Boycott the NSS

What is the NSS?  

NSS stands for National Student Survey, and it is a survey of all final year undergraduates in the UK, managed by the Office for Students (an independent regulator of higher education sponsored by the Department of Education).  

The NSS asks students about their experience at their universities and this information is used to rank universities in commercially produced league tables. It was intended that NSS results would also feed into a university’s assessment under the Teaching Excellence Framework (another OfS method of regulating the quality of higher education), but this is currently suspended and under review.  

Why should I boycott the NSS?  

In the past, Oxford SU has joined other universities in boycotting the NSS due to its ties to the Teaching Excellence Framework, which would have allowed the top performing universities to raise their undergrad tuition fees above the current £9250 limit. While home fees are currently capped and TEF is under review, the future of the NSS and how it will link to TEF is unclear, although there are no current plans to increase fees in the foreseeable future.   

Furthermore, the data gathered from the NSS is used to rank universities against each other, which can create a competitive market of education. This is damaging to the quality of education because it may encourage universities to stream money into quick fixes simply to drive up student satisfaction on paper. This is made worse by the fact that many of the core questions on the NSS reflect a narrow view of what higher education and student experience should look like, rather than the more holistic and structural understanding Oxford SU advocates for, which includes an emphasis on equality and welfare as well as academics.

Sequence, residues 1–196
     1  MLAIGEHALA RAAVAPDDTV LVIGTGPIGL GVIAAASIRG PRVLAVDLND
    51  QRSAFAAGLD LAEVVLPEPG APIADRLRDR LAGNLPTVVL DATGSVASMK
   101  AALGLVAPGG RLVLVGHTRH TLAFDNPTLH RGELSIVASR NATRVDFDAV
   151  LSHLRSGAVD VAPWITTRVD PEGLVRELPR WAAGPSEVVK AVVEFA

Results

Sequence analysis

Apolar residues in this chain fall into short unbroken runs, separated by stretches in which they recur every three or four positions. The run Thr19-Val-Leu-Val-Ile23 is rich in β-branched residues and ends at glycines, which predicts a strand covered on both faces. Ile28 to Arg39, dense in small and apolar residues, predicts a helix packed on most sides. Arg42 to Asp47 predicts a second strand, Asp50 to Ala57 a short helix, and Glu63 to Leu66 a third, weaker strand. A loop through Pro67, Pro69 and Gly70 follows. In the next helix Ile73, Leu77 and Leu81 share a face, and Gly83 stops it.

There are serious questions around the quality of the data, which has been shown to disadvantage minority academics and innovative teaching. Both the NSS and the TEF have been linked to courses and funding being cut and to staff stacking, especially in the humanities, and the further transformation of education into a commodity that increasingly few can afford is detrimental to Oxford SU’s access aims.  

How do I join the boycott?  

Easy, just do nothing! Don’t fill out the survey, ignore any emails or calls about the NSS, and encourage every finalist you know to do the same.   

You may be contacted by the university, your department or Ipsos MORI (the company administering the NSS) and asked to complete the survey. You can opt out of all communications from Ipsos MORI via the NSS website: to opt out, scroll to 'Privacy and Data Protection' and click 'What if I don't want to complete the NSS'.

Note that the NSS is not the same as Oxford’s internal Student Barometer.  

What if I’ve already completed the survey? Is it too late?  

No! You can simply withdraw your response by sending a quick email to including your name and university.  

How will we know if the boycott has been successful?  

The results from the NSS do not get published if the response rate is from the university is less than 50%. The data becomes invalid and cannot be used. Our goal is to keep the Oxford response rate low enough that the results cannot be used.  

Oxford has had three successful boycotts in the past in which this 50% threshold was not met.   

How can I make my views known to the university without the NSS?  

Oxford students already have ways of giving feedback to the university on our own terms, through common rooms, course reps, and Oxford SU. Don’t hesitate to contact any of the sabbatical offers about any issues with your teaching or student experience.   

You can also fill out the surveys run by your department and college which will be emailed out to you at the end of each term, as well as the central University’s Student Barometer.